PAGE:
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rishi sunak: UK PM Rishi Sunak’s Illegal Migration Bill clears Parliament hurdle

The British government’s Illegal Migration Bill, instrumental to Prime Minister Rishi Sunak‘s pledge to “stop the boats” of illegal migrants entering the country’s shores, has cleared its long-drawn parliamentary hurdle and will soon become law after Royal Assent from King Charles III. Under the bill, the UK’s Home Secretary will have a legal duty to detain and remove anyone entering the UK illegally. In a late-night debate in the House of Lords on Monday, further amendments to the bill were dismissed and it passed after a standoff between both Houses over the issue.

In the last few weeks, the bill passed between the House of Commons and House of Lords a number of times in a process often dubbed as parliamentary ping-pong in British politics until a consensus is reached.

In the Commons, former prime minister Theresa May led a series of backbench rebellions over plans to restrict access to the UK asylum system for victims of modern slavery. May, who as home secretary introduced the Modern Slavery Act, said the bill “will enable more slave drivers to operate and make money out of human misery”.

The government argued that anyone identified as a potential victim of modern slavery would be returned home or to another “safe country away from those who have trafficked them”.

However, May did not vote for an exemption from the bill for suspected victims of slavery, paving the way for its passage.

Once the bill becomes an Act, it will be UK Home Secretary Suella Braverman’s legal duty to remove anyone who comes to the UK illegally and applies to victims of trafficking and slavery, accompanied children and unaccompanied children as soon as they turn 18. “The Prime Minister (Rishi Sunak) and I have made a promise to the British people to stop the boats,” Braverman told the BBC. “We are committed to delivering on that promise. We’ve got an unsustainable problem that we need to fix,” she said, with reference to illegal crossings made by migrants across the English Channel.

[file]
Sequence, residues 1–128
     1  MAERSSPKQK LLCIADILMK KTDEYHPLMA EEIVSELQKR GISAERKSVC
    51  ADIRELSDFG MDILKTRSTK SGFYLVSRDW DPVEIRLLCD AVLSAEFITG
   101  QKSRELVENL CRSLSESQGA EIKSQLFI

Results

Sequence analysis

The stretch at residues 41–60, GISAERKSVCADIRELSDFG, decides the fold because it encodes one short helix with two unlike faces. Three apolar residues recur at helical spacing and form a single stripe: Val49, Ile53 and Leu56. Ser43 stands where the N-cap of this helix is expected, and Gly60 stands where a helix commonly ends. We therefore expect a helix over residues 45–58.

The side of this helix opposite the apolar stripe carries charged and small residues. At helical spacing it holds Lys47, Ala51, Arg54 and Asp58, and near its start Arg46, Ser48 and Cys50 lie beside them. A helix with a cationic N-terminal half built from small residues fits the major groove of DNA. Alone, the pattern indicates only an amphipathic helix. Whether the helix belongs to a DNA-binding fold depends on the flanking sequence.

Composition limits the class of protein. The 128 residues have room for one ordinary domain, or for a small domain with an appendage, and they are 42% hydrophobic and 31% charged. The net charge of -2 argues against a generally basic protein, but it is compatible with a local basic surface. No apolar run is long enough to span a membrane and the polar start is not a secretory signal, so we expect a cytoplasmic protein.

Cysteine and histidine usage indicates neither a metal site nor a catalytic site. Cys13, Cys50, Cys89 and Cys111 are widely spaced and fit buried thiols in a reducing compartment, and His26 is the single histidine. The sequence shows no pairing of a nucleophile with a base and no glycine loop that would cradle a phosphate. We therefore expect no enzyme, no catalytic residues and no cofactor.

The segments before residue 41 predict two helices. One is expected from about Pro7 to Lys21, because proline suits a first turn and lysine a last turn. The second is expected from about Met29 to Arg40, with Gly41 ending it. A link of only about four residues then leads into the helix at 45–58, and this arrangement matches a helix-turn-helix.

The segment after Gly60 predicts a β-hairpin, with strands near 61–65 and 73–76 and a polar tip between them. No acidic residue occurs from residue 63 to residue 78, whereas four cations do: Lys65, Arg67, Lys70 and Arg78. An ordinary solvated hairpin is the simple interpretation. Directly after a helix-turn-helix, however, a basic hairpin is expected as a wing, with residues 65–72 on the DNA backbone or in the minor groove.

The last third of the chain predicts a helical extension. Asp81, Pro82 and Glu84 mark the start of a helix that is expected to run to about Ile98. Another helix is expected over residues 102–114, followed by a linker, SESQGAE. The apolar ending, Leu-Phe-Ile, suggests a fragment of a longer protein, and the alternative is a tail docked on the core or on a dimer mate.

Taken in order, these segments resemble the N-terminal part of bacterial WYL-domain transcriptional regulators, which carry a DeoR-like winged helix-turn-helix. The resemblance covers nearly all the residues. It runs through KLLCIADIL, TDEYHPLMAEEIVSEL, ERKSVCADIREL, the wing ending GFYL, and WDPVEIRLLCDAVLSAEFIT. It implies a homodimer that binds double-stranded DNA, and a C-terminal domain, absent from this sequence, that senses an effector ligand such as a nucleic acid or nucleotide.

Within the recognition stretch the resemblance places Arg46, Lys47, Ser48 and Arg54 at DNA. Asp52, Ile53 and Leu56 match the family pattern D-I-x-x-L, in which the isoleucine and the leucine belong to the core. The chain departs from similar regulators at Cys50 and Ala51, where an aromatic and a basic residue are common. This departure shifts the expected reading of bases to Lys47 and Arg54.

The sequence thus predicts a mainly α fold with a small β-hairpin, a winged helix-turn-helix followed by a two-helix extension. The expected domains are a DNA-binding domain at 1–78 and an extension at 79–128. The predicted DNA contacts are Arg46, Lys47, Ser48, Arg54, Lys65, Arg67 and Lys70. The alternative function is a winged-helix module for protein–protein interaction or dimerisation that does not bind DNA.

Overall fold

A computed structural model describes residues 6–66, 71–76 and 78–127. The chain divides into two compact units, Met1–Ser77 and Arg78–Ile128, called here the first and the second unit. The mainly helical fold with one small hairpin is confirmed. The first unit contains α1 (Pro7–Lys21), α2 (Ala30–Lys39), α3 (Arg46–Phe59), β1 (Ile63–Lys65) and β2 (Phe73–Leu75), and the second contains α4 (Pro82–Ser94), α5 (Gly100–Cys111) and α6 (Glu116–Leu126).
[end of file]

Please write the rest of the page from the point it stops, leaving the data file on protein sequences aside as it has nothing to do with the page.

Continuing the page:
During the House of Lords debate, Home Office minister Lord Murray of Blidworth said the number of small boat arrivals had “overwhelmed” the UK’s asylum system and that accommodation was costing taxpayers GBP 6 million per day.

“With over 45,000 people making dangerous Channel crossings last year this is simply no longer sustainable,” he told peers, adding it was “only right” that the “business model” of human traffickers be broken.

The new legislation would also scrap existing legal caps on how long those entering the UK illegally can be held ahead of being deported. MPs and peers had attempted to reinsert a three day limit on how long children can be detained, as well as the 24-hour maximum for children unaccompanied by an adult. But the plans were eventually dropped after they were again rejected in the House of Commons.

Earlier, the government made concessions on the detention of unaccompanied children, who will be granted immigration bail after eight days, and on pregnant women, for whom the current limit of 72 hours detention will be retained.

However, a linked aspect of the government’s bill, the policy of using Rwanda as a safe third country to deport illegal migrants while their asylum claims are processed, is still tied up in legal wrangles in court.